Being a pastry chef is most possibly the best decision I’ve ever taken. Everyday, I have no words to describe the bliss I feel when I’m busy making things. Yes, making. With my hands dirty, and more often than never, with my apron too.
So yes, many say you can judge how good a pastry chef is by the look of his/her apron. In the books, it should be clean at all times.
Well, let me tell you one thing. I strongly think that if you can tell every bits and pieces of mise-en-place that’s been made with just a look at a chef’s apron, then it’s a good thing. Perhaps, it’ll become a joke. But I will know deep-inside that this chef gets things done.
And to me, that’s a very good start. The clean apron will come later, as every move will become smoother, faster and more precise. And if it never comes, you can always change it ten times a day (and I speak from experience on this point).
So today, I’d like to focus on skills and techniques that are the very essence of what makes a good pastry chef, in a kitchen or at home.
Because at the end of the day, I strongly believe it’s not about your position, or whether you trained in the most expensive schools, or simply love to spend your days off making pastries.
It really gets down to passion. A passion with no boundaries.
In fact, I know many passionate people who know more than the head pastry chef next door.
And that’s really the matter. To know, to be curious, to strive to learn always and forever more. To experiment, to fail, to success.
This is the very first step to becoming a pastry chef.
The list is not exhaustive, but should be considered as a checklist. You want to become a pastry chef? Then do some research and learn about:
- pâte brisée
- pâte sucrée
- pâte à foncer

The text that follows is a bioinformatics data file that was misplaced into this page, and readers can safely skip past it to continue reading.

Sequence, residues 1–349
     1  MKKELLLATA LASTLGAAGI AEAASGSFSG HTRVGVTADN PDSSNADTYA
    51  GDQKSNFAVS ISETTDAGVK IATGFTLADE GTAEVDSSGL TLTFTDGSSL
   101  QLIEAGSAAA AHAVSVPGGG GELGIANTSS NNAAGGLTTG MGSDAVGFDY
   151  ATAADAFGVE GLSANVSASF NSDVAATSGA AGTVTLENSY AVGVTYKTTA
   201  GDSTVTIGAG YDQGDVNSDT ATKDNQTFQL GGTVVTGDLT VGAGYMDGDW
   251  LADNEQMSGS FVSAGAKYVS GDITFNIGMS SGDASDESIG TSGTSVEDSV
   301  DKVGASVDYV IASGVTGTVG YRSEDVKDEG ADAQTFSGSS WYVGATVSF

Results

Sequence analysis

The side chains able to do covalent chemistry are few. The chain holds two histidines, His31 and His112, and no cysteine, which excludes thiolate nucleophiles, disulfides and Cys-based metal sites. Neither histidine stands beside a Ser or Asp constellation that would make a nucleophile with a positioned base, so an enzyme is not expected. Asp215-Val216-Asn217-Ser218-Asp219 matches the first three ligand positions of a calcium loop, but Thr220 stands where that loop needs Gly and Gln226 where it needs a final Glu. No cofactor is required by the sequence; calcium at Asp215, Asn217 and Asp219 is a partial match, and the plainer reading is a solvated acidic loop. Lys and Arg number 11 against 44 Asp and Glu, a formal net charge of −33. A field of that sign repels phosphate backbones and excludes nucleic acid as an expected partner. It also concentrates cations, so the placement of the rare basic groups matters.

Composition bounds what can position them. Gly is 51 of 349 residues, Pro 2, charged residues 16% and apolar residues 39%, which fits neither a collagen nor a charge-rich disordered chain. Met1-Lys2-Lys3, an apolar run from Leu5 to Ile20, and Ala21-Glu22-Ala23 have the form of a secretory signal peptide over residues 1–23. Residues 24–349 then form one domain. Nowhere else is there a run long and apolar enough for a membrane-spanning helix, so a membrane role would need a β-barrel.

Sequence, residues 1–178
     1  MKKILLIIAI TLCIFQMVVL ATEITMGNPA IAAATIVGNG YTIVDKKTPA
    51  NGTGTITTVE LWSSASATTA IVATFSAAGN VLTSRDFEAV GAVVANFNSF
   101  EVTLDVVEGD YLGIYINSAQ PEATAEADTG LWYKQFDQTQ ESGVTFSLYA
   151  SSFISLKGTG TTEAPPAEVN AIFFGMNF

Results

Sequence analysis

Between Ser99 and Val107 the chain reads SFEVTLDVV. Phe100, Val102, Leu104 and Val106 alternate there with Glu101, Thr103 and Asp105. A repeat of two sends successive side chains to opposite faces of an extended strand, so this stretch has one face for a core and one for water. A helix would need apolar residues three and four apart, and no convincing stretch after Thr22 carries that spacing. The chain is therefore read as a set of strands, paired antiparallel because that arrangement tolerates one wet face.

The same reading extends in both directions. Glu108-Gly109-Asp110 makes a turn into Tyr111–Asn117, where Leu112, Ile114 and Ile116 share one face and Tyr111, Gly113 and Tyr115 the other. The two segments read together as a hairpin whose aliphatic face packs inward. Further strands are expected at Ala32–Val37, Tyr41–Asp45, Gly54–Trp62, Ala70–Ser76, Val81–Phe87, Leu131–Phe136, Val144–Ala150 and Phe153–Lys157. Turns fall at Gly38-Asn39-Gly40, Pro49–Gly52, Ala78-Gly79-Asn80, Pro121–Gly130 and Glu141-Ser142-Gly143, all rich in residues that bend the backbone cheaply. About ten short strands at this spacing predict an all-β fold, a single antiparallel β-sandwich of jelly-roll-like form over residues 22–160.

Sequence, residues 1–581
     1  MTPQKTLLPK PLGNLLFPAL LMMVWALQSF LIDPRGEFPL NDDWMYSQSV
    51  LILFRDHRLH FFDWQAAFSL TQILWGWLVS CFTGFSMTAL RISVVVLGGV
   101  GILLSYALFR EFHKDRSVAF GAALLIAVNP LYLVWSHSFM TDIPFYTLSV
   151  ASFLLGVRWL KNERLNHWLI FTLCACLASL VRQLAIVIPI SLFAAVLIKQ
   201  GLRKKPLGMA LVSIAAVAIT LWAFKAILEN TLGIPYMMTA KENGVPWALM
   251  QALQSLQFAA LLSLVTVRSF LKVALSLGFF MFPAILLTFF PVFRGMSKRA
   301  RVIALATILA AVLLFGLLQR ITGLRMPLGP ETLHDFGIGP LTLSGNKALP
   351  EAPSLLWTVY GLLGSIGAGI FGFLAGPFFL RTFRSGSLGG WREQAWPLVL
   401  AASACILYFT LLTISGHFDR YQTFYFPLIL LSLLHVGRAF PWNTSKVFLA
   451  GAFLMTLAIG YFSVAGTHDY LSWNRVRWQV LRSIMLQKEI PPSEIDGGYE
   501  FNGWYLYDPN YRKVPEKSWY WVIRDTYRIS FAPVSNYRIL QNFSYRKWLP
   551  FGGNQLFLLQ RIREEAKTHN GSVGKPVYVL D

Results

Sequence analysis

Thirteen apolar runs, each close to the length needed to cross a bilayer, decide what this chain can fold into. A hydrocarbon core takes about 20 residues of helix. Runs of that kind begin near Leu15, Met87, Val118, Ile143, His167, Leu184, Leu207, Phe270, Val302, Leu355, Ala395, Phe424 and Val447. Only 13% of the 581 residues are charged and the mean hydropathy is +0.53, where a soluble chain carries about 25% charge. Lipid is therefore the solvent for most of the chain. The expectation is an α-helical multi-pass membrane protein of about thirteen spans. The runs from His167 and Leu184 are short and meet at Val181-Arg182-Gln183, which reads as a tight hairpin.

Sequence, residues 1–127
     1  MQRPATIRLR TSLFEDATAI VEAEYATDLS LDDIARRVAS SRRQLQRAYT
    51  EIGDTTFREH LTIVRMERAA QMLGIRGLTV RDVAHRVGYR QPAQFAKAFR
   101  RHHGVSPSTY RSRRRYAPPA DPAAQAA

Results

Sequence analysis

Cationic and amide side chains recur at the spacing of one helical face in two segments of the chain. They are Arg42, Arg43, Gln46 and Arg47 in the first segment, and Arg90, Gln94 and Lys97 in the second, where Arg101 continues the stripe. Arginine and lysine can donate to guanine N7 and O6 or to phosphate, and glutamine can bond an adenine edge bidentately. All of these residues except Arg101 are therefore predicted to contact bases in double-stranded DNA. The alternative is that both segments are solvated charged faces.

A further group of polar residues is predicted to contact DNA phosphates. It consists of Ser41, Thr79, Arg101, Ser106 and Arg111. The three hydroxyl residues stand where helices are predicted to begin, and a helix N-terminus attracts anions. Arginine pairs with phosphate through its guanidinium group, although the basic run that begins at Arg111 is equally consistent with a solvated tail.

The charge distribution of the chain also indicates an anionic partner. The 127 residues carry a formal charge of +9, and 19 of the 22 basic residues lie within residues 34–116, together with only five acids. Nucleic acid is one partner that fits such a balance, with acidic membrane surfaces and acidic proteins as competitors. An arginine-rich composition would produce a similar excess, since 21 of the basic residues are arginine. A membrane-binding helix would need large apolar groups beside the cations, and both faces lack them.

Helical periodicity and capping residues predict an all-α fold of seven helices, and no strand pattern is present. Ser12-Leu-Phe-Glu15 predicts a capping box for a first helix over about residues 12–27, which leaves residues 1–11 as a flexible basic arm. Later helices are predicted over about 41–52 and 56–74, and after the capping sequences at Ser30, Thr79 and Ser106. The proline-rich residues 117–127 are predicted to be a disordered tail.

- pâte feuilletée (perhaps, even inversée)
- pâte feuilletée levée
- pâte à choux
Is you pâte brisée crisp and flaky? Is your pâte sucrée melt-in-your mouth?
Do you know the difference between pâte brisée and pâte à foncer?
And what about your puff pastry? Is it light and break into million pieces in your hands? Do you know how to caramelise its top?
Are your croissants and pains au chocolat light with even layers and thin membranes? Do you see a honeycomb pattern when you slice into them? As for the technique, do you know a great tip that ensures even laminating?
Are you choux puffs consistent and hollow? Not wet and yet not dry? Can you glaze an éclair, shiny even after a few hours in the fridge, neat around the edges? Do you know that technique for fondant, the one that involves freezing it into small disks then letting it defrost over a choux?
Do you know brioche dough is an emulsion? Do you treat it as such? Can you knead it by hand or in a mixer without over-heating it? And which temperature should the butter be?
Are your savarins and babas light as a feather, with holes just so?
- pain de Gènes
- biscuit cuillère
- crème d’amandes
Do you know the difference between a génoise and a pain de Gènes? Is your génoise light and fluffy? Can you tell when it’s just baked, not overly so?
Can your dacquois holds its shape? What’s the purpose of the many different ratios of caster sugar versus icing sugar?
And the biscuit joconde. Why do you have to beat the mixture for so long? Can you spread it thinly enough in an even layer?